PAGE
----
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Net Worth Strategies has been providing financial advisors with employee stock option risk analysis and tax planning tools since 1999 so it has witnessed firsthand a great deal of the development in employee stock option education. Here’s a brief synopsis…. The internet bubble (1995 – 2000) instigated many companies to begin offering broad-based stock option programs. These companies had to provide participants with basic information about their stock option grants because options were new and mysterious. This was the “Options 101” phase because these communication programs generally avoided the more complex aspects of stock options.

This early phase of participant education may have transitioned into one that addressed advanced topics had it not been for two major factors. First, the internet bubble burst, causing the appeal of stock options to decline because underwater grants were perceived as worthless. Second was the adoption of FAS 123(R), which eventually resulted in the curtailment of broad-based option programs and the increase in popularity of restricted stock/units. Consequently, the adoption of advanced stock option education programs never gained popularity among issuing companies.

Nevertheless, stock options are still a widely used means of granting equity to valued employees. Even if a company isn’t currently granting new stock options, if their employees have outstanding options grants one can significantly increase their perceived value. It is often said that “perception is reality” so by simply educating participants on the Black Scholes value of their grants, this value become a reality. Now you are probably thinking this is crazy because Black Scholes is WAY over their heads and will only serve to confuse and discourage people. On the contrary, to learn the secrets and benefits of providing employees with Black Scholes based information read the article Supercharging Your Stock Option Grants which describes a presentation from the 20th Annual NASPP Conference.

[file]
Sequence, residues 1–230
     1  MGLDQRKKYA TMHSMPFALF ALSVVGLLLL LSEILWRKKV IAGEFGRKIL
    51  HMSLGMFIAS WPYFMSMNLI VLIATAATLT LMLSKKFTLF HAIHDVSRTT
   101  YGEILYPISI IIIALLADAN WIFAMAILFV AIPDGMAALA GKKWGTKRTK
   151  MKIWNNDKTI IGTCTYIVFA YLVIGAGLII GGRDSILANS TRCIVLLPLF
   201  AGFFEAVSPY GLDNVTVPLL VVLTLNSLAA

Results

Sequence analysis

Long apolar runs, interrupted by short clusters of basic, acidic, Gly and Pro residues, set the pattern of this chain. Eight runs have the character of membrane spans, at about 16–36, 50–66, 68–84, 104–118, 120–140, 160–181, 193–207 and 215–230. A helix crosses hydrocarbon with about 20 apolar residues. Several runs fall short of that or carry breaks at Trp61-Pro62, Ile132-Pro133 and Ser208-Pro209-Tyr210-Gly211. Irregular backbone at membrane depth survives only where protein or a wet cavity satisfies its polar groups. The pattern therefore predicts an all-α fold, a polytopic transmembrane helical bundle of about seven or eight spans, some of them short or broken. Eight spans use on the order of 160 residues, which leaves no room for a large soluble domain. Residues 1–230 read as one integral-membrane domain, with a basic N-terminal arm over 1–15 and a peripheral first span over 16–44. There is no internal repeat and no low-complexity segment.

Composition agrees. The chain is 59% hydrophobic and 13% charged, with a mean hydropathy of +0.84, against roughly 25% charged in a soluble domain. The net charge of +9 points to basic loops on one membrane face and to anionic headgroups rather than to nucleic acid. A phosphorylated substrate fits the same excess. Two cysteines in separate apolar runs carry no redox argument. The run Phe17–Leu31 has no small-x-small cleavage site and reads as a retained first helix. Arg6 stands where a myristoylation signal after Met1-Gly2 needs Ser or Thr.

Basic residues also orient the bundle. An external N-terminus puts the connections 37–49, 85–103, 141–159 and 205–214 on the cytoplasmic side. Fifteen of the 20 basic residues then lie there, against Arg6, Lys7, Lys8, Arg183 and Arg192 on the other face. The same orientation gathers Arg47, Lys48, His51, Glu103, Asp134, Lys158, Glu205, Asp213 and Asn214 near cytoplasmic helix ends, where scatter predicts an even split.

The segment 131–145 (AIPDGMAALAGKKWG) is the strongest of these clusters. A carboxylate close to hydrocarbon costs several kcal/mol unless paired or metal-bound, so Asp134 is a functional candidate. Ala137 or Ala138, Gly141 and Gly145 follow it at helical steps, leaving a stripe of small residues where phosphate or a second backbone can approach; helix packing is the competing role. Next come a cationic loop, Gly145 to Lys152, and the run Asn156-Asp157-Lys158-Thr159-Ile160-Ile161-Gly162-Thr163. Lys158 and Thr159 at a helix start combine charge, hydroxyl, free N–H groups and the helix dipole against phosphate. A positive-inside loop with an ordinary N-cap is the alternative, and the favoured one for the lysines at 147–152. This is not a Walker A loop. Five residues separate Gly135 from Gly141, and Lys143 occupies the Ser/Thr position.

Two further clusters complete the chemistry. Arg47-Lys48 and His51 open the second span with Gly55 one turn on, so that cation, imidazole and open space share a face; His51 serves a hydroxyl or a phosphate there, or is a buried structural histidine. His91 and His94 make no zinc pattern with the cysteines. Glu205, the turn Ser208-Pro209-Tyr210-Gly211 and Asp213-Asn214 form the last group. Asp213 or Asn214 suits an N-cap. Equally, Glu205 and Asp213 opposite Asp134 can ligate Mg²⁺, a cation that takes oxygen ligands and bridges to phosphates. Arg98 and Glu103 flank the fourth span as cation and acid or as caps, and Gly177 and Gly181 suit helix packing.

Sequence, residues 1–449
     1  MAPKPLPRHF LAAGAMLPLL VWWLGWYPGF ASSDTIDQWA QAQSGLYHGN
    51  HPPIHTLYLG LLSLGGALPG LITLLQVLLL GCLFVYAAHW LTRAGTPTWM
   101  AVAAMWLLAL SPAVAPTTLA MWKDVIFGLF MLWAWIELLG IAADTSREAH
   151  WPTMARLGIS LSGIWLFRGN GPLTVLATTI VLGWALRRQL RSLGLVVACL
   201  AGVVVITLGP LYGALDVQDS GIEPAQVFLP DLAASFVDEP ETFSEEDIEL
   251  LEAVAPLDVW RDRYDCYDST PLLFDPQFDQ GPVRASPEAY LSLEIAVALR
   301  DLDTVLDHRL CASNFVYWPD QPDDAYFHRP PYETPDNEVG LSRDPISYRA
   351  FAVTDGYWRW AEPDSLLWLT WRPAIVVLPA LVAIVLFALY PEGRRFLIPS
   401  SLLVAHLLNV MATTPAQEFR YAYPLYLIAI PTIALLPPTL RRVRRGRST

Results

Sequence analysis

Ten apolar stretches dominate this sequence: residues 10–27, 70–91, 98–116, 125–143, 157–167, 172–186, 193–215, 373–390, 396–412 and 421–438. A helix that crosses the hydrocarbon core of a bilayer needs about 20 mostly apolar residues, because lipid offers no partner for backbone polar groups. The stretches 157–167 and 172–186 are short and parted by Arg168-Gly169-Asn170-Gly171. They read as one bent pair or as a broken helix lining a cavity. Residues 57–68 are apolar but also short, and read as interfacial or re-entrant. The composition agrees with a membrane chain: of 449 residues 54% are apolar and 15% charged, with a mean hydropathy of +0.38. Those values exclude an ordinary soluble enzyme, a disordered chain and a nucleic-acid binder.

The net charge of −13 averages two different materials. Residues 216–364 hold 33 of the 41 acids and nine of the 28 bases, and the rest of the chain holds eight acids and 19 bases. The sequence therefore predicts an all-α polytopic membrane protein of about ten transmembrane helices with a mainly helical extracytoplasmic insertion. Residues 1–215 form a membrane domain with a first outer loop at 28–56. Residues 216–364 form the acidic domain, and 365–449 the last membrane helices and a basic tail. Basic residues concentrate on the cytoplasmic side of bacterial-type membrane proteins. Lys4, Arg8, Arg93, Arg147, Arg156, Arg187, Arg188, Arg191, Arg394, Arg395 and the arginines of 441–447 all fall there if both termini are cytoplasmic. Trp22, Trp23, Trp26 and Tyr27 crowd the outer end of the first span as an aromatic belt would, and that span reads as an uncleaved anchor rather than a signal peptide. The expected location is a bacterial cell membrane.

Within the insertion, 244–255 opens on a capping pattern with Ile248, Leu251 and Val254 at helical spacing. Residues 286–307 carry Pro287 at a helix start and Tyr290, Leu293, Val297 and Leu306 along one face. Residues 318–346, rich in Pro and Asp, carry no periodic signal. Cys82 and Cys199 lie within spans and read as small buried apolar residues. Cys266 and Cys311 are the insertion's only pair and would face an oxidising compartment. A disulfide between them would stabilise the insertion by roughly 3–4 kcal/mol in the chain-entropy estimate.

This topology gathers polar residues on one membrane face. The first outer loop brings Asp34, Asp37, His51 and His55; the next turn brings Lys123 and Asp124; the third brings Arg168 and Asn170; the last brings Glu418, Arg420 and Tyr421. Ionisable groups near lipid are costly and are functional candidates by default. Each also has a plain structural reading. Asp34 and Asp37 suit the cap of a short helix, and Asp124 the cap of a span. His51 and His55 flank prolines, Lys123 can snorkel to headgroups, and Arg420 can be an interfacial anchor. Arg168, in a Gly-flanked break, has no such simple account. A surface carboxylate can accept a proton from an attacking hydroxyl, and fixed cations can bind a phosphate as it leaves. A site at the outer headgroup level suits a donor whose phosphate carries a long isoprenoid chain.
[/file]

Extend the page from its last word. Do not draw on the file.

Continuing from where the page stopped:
This presentation consisted of four sections. Professor Anne Farrell presented academic research showing that individuals misunderstand the full value of their employee stock options and how basic training can significantly change their subjective valuations. Next, Bill Dillhoefer of Net Worth Strategies introduced two Time Value based metrics: Forfeit Value and the Insight Ratio. These metrics can be incorporated into stock option communication programs and can increase retention and motivation by helping employees make informed decisions. In the third section, Clinton Shoap from Cargill, Inc. provided examples of how they have successfully used Time Value information with their employees. Finally, Larry Bohrer from Charles Schwab described their approach to helping companies to realize the full potential of their option awards and how complicated concepts can be understood by participants when presented in the right framework.

Who says Black Scholes is only for quants? Delivered in the right manner Black Scholes information can be fun and profitable for employees that receive company stock options.

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